“Drivers Licenses for Unauthorized Immigrants and Auto Insurance Coverage” (with Taylor Mackay and Bing Yang Tan) Forthcoming at Contemporary Economic Policy
“The Effects of Minimum Wages on Low‐Skilled Immigrants’ Wages, Employment, and Poverty” (with Joseph J. Sabia) 2019 Industrial Relations 58(2): 275-314
Recent increase in vaccine-preventable diseases have led policymakers to reconsider the scope of vaccine requirement exemptions. Yet eliminating these provisions is politically difficult. Beginning in 2009, sixth grade girls in Washington, DC were required to receive the HPV vaccine or submit a one-time opt-out form. In 2014, the requirement was expanded to all students grades 6-12, and those not vaccinating were required to opt-out annually. I show that the movement from a one-time opt-out provision to an annual requirement increased the probability that teen girls in Washington, DC initiated HPV vaccination by 12 percentage points. Teen boys were 20 percentage points more likely to be vaccinated. Back-of-the-envelope calculations suggests 317 fewer cases of cancer for students enrolled during the 2017/2018 year. In generalizing these results to other states, effect sizes even one-tenth the size of my most conservative estimate would imply meaningful reductions in the nationwide incidence of HPV-related cancers.
“Insurance Coverage, Provider Contact, and Take-Up of the HPV Vaccine”—Revisions Requested at the American Journal of Health Economics
Human papillomavirus (HPV) is the most common sexually transmitted infection in the United States and the single biggest cause of cervical cancer, as well as certain cancers of the head and throat, anus, vulva, vagina, and penis. Between 2008 and 2012 nearly 40,000 people annually were diagnosed with an HPV-related cancer. Despite these staggering numbers and the existence of a highly effective vaccine, HPV vaccination rates remain low. In this paper, I show that state Medicaid expansions as part of the Affordable Care Act were associated with a 3-4 percentage point increase in the probability that a teenager initiated the HPV vaccine. This relationship appears to have been driven by increases in Medicaid coverage, the probability of having a recent check-up, and knowledge about the HPV vaccine. Supporting this pathway, I show that Medicaid expansion states saw increased searches for “pediatrician,” “Gardasil” (a trade name of the HPV vaccine), and “HPV Cancer.”
Over the last two decades, state and local governments have adopted policies requiring employers to electronically verify (E-Verify) the work eligibility of their new hires, in an effort to disrupt unauthorized immigrants’ access to the formal labor market. These E-Verify mandates previously enjoyed bipartisan support, and the Trump administration has identified a nationwide E-Verify mandate as an immigration policy priority. I show in this paper that state E-Verify mandates are associated with a 5 percentage point reduction in the probability that likely-unauthorized immigrants are employed and a 2 percentage point reduction in the probability that they have employer-sponsored insurance. However, these changes are limited to one period after implementation. In all remaining periods, the relationships are not distinguishable from zero. I show that this pattern can be explained by selective outmigration of otherwise unemployed and uninsured likely-unauthorized immigrants. By preventing unauthorized immigrants from moving to a more favorable policy environment, a nationwide E-Verify mandate would likely further limit unauthorized immigrants’ access to private health insurance.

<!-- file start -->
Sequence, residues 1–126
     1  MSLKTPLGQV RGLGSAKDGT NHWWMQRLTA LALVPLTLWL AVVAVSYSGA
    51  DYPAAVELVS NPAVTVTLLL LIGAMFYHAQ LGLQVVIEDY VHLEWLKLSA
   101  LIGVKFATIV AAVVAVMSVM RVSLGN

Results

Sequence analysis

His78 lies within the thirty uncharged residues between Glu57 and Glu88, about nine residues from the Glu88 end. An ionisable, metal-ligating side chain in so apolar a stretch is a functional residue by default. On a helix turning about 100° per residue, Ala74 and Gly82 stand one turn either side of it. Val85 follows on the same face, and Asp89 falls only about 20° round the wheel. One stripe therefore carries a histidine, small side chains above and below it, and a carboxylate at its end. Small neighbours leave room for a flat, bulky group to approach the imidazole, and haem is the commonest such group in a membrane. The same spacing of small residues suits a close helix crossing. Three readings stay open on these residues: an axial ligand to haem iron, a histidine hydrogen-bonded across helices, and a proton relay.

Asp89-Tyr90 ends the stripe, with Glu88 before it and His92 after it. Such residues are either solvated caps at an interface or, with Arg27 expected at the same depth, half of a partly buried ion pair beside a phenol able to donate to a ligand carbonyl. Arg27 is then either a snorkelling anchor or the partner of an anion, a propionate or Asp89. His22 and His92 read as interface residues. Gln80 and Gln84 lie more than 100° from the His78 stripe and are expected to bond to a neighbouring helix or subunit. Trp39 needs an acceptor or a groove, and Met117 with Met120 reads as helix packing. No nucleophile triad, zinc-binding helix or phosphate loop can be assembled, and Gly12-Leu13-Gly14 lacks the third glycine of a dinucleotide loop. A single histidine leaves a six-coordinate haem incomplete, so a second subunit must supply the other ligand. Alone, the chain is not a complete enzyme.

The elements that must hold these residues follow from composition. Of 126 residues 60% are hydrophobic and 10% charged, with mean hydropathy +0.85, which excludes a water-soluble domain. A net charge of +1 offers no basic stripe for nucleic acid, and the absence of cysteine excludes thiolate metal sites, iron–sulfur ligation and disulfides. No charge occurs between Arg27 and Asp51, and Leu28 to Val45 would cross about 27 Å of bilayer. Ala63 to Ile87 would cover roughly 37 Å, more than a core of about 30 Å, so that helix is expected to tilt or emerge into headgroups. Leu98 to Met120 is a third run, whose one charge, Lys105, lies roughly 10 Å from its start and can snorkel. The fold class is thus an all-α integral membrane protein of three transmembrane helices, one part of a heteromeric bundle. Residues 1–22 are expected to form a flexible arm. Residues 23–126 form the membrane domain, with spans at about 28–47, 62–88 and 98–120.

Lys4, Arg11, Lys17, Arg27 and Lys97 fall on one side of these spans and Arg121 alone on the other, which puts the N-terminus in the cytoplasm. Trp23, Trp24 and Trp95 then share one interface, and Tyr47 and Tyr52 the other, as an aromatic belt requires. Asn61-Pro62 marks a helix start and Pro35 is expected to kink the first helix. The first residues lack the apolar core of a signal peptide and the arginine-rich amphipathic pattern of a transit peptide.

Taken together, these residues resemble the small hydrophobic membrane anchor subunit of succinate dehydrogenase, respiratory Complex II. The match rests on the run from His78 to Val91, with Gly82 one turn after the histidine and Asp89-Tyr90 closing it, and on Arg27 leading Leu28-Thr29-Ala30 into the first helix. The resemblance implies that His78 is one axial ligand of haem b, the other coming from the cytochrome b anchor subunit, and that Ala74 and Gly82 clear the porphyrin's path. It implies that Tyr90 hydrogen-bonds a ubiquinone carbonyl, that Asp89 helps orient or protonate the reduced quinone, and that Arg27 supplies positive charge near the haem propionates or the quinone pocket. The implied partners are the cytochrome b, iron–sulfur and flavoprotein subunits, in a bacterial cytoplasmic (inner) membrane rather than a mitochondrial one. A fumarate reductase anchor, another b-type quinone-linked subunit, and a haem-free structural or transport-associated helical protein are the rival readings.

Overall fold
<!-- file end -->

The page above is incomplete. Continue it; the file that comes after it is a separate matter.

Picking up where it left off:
“The Effect of E-Verify Laws on Crime” (with Andrew Dickinson, Taylor Mackay, and Joseph J. Sabia) IZA Discussion Paper No. 12798 — Revisions Requested at Industrial and Labor Relations Review
E-Verify laws, which have been adopted by 23 states, require employers to verify whether new employees are eligible to legally work prior to employment. In the main, these laws are designed to reduce employment opportunities for unauthorized immigrants, reduce incentives for their immigration, and increase employment and earnings for low-skilled natives. This study examines whether the labor market effects of E-Verify laws generate important spillovers on crime. Using agency-by-month data from the 2004 to 2015 National Incident Based Reporting System (NIBRS), we find that the enactment of E-Verify is associated with a 5 to 10 percent reduction in property crimes involving Hispanic arrestees, an effect driven by universal E-Verify mandates that extend to private employers. Supplemental analyses from the Current Population Survey (CPS) suggest that E-Verify-induced increases in employment of low-skilled natives of Hispanic descent and outmigration of younger Hispanics are important channels. We find no evidence that crime was displaced to nearby jurisdictions without E-Verify or that violent crime was impacted by E-Verify mandates. Moreover, neither arrests of white nor African American adults were affected by E-Verify laws. The magnitudes of our estimates suggest that E-Verify laws generated $491 million in social benefits of reduced crime to the United States.
Work in Progress
“Negative Social Comparisons and Health Behaviors: Evidence from Beauty Pageants” (with Christopher S. Carpenter)
“Immigration Enforcement and Infant Health” (with Catalina Amuedo-Dorantes and Yang Song)
“Effects of State Restrictions on Indoor Tanning on the Indoor Tanning Market and Tanning-Related Behaviors” (with Christopher S. Carpenter and Michelle Marcus)